Accession Number: 2017.ph.751
Instrument Name: Gas Laser
This is a glass tube supported by two adjustable metal bases, which allow the user to change the height or angle of the tube. There are two smaller tubes attached to the larger one, one perpendicular to it and one extending out of it; the latter tube bends at 90 degrees after approx 6.5 cm. Two wires extend from the apparatus, one from the larger tube and the other from the perpendicular one. Inside the larger tube is a small piece of metal (the anode), connected to one of the wires, and an aluminum tube. The large tube is connected to the bases by two adjustable stainless steel clips.
It closely resembles a helium-neon laser apparatus of the type manufactured and used extensively in the 1970’s.
Iron, Glass, Stainless Steel, Rubber, Aluminum, Copper Alloy
On one of the rubber sleeves connecting two wires reads “VW” and “ALPHA”.
Each base is approx. 8.5 cm wide, 11 cm deep, and 1.9 cm high. The total width of the base is 19 cm. Each of the 2 base units is 12 cm high. The glass part is 32.5 cm wide and varies from 1 cm to 3.7 cm. The two glass arms are each approx. 1 cm in diameter, except at the ends of the arm which is parallel to the large tube: there the diameter broadens to approx. 2.5 cm.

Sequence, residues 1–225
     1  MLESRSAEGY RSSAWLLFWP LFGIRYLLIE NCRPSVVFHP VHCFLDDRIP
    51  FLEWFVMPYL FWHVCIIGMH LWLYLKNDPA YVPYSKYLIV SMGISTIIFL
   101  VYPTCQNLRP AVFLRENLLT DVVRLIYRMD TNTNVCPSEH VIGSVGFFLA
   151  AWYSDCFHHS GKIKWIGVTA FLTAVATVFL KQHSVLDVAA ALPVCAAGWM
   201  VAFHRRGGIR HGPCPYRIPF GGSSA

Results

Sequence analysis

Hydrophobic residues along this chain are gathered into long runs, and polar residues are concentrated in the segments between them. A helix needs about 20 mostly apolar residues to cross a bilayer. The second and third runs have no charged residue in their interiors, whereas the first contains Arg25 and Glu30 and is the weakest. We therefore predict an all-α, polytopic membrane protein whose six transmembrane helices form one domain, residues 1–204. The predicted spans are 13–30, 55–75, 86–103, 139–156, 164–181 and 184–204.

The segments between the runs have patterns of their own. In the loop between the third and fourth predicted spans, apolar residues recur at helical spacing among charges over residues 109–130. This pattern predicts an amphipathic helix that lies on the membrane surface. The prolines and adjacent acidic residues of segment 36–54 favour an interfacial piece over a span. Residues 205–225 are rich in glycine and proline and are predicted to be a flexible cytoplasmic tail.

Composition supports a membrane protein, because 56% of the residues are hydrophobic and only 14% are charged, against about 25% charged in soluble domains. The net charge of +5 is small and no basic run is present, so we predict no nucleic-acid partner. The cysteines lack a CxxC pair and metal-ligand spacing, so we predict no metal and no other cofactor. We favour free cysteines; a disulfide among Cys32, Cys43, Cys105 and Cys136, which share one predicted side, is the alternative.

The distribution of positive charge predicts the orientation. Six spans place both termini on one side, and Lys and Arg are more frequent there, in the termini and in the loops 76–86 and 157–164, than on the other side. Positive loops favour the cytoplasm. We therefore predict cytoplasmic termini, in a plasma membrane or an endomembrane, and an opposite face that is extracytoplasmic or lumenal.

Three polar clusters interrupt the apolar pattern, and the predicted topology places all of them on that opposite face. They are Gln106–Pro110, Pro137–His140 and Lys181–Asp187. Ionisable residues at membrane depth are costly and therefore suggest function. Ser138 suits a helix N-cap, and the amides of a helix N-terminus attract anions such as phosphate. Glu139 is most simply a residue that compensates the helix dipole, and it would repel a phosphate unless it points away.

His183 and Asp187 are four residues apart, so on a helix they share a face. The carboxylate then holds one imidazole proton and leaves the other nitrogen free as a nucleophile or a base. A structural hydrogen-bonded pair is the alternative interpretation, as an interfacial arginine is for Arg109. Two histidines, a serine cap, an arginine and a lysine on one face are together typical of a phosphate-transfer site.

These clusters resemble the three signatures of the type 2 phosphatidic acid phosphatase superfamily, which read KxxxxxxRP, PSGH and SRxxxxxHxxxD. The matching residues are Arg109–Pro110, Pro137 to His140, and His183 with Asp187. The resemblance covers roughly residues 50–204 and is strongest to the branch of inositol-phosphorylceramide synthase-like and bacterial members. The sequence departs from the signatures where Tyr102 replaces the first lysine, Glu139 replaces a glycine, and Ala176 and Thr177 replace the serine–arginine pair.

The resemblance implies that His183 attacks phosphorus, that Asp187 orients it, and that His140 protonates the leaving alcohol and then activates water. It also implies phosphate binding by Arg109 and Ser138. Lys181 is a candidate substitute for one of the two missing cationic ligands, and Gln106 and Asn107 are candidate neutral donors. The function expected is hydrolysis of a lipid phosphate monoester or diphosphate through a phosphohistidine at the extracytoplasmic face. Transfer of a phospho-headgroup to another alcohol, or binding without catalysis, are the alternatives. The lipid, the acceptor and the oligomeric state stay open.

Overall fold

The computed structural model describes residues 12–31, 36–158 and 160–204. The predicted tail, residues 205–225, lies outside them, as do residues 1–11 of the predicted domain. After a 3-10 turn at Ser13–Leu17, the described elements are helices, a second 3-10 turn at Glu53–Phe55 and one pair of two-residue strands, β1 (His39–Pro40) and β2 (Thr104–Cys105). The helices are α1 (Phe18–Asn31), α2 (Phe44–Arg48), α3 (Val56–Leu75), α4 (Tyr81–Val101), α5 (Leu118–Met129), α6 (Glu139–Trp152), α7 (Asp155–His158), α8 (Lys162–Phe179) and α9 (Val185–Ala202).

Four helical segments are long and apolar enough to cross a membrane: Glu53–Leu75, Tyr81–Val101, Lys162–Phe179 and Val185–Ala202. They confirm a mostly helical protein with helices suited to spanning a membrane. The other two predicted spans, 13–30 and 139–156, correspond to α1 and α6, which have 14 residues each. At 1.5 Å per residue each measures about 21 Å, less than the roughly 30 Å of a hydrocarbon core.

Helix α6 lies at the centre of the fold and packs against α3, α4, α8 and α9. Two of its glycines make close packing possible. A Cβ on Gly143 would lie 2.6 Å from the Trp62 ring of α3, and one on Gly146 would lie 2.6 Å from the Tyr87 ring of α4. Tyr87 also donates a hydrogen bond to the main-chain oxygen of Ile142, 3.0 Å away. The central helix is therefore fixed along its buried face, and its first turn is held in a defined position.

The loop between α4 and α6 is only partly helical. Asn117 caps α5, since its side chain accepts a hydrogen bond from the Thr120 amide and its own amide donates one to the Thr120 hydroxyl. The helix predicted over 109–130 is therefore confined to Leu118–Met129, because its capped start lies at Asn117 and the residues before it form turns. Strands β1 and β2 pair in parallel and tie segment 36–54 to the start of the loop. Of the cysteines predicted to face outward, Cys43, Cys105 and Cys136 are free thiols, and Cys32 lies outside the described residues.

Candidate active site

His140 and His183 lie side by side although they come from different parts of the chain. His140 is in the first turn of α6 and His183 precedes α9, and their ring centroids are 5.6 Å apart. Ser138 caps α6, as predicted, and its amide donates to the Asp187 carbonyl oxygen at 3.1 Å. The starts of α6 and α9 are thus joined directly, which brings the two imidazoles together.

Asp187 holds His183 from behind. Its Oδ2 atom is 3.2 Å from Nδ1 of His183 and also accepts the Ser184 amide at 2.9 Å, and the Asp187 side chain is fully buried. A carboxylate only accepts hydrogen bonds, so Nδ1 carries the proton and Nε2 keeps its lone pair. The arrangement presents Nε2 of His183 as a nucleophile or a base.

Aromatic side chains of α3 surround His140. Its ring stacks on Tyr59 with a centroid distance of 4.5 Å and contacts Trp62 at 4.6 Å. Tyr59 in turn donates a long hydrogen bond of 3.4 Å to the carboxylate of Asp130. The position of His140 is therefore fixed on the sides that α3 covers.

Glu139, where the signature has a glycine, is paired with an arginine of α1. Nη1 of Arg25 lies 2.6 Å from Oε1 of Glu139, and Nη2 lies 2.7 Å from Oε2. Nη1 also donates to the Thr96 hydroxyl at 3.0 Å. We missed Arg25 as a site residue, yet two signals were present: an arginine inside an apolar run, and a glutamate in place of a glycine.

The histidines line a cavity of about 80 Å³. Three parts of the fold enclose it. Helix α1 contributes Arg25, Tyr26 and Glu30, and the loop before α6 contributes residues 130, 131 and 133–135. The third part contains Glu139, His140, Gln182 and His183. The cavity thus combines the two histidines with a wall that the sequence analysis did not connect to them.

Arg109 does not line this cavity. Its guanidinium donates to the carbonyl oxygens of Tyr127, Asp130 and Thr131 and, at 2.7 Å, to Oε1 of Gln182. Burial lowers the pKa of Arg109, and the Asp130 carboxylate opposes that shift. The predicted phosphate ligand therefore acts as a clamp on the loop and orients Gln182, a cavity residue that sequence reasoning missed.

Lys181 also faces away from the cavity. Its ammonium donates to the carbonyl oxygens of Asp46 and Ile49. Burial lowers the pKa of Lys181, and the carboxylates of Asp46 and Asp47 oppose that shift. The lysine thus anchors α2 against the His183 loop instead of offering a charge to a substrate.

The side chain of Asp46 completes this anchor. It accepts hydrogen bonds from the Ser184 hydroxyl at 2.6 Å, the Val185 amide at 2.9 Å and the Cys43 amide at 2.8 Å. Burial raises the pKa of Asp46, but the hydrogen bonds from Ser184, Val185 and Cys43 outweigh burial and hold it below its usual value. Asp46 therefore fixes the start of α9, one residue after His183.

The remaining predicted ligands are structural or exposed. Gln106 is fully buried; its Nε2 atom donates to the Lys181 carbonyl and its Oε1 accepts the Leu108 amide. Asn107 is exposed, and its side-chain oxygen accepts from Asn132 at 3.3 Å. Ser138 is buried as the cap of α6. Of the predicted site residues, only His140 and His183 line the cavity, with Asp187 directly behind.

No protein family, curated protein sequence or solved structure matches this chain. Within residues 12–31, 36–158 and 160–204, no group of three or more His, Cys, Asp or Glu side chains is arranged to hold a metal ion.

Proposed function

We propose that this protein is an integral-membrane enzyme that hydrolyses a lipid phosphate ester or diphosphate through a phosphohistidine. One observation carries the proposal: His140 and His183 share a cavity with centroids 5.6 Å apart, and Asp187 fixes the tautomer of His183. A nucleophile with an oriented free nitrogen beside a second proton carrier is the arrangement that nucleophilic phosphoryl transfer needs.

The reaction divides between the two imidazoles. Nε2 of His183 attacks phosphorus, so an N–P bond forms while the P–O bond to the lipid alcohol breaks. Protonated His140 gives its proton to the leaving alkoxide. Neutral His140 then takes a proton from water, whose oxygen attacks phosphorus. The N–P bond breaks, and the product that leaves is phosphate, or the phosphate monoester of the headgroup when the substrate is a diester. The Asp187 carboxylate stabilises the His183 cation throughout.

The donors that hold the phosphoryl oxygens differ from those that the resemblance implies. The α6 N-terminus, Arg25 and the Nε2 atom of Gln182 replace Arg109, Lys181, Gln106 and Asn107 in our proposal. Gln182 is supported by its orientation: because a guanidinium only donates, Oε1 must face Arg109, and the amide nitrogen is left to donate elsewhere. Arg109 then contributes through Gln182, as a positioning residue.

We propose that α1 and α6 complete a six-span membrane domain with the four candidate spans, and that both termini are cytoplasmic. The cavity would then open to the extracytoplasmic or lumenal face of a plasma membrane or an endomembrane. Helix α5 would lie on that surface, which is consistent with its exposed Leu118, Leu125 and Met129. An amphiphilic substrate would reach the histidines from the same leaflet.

This is part of a larger laser apparatus. It appears to be the first unit, into which the gas is pumped prior to ionization. The laser light is produced in the inner aluminum tube and passes into the glass elbow joint, and thereafter into the rest of the apparatus.
Apart from minor corrosion on the iron base of the object, the instrument is in excellent condition.
This artefact was gathered, along with several others, from the staff at the Physics Learning & Research Services of the Department of Physics in August of 2017.
Donated to UTSIC: No